On the second approach my instructor told me to continue until he told me to go around. I glided the little Cherokee in and felt pretty pleased with myself as we approached the treetops. It was obvious that had this have been a real forced landing, the aircraft would have made the field and been able to land in the available distance. Just as we crossed the fence he told me to go around and we climbed away safely with the little excess power the Cherokee could muster. At about 400ft AGL, Graham said, ‘Taking over’ and I automatically relinquished control. He then simply stated: ‘What if your engine quit right now? Watch this.’ He pulled the power back to idle and flung the bird into a steep turn to the left. We hadn’t even traversed 60 degrees of arc when it became obvious that the rate of descent had become alarming and we weren’t going to be able to turn any more. Graham slammed the throttle to full power and levelled the wings and at that point the nose was aimed straight for the crown of a tree. In my mind, it wasn’t even a matter of whether or not we’d clear the canopy—as far as I could see, we were going straight through it.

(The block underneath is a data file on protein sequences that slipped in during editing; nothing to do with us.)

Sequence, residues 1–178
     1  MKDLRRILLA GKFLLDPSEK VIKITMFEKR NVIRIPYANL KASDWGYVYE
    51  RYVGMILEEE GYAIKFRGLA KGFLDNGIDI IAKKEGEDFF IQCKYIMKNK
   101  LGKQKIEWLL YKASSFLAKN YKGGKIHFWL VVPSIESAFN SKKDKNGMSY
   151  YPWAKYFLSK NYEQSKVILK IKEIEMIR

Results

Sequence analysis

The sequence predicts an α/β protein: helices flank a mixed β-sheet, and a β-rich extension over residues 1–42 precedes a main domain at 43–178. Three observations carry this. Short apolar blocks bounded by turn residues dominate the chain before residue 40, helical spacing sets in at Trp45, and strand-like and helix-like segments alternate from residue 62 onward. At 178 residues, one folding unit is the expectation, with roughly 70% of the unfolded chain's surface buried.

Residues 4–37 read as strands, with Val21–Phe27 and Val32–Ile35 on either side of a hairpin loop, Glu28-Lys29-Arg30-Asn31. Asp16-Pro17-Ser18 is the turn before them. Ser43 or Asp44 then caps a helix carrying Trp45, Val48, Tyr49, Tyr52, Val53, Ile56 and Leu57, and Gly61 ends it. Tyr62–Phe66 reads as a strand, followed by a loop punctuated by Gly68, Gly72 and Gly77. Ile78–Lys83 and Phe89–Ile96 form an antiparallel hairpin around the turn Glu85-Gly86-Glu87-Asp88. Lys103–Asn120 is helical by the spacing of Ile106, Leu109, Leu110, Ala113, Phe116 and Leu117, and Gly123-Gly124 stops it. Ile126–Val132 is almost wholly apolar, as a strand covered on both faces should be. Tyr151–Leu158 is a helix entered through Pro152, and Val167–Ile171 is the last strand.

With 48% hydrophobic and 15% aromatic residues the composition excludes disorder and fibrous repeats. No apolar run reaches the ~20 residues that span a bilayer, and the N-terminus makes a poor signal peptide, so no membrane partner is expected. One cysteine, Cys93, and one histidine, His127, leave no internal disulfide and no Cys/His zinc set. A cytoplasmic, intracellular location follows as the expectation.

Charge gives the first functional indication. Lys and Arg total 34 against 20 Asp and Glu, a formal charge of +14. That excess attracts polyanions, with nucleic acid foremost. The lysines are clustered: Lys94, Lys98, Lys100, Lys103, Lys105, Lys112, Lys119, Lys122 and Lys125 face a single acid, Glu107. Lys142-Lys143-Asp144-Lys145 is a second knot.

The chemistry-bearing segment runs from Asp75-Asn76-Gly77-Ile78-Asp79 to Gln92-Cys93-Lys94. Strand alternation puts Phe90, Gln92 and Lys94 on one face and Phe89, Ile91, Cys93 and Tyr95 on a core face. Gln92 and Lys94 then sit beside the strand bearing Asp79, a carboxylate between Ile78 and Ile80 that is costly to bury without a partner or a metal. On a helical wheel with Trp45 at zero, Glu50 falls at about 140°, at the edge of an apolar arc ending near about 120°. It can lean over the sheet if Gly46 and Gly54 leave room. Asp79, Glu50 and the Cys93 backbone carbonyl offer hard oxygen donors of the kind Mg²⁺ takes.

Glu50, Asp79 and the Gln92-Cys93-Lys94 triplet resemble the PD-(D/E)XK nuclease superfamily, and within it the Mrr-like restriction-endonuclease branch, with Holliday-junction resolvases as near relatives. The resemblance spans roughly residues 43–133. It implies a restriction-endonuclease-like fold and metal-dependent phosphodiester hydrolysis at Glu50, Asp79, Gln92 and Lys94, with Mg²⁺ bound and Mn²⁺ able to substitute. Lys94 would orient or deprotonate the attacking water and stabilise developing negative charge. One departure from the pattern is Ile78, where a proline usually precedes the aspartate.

With moments to spare, Graham lifted the right wing and, as we banked to the left, the canopy slipped underneath us. By now the stall warning light was flashing on my side of the glareshield, and the whole aircraft shook with stall buffet. Graham kept his hand hard on the throttle lever as if to push it through the dash and willing it for more power, as the aircraft sank further in the left turn and dropped below the treetops into a paddock full of cattle. Once again, I sat mesmerised by the seeming unreality of the situation. Again, I had no doubt about whether we’d make it or not—it was obvious we were going to crash in this paddock. But Graham coaxed her through the stall buffet and, as the airflow slowly smoothed over the wings and the stall light went out, we gently climbed away.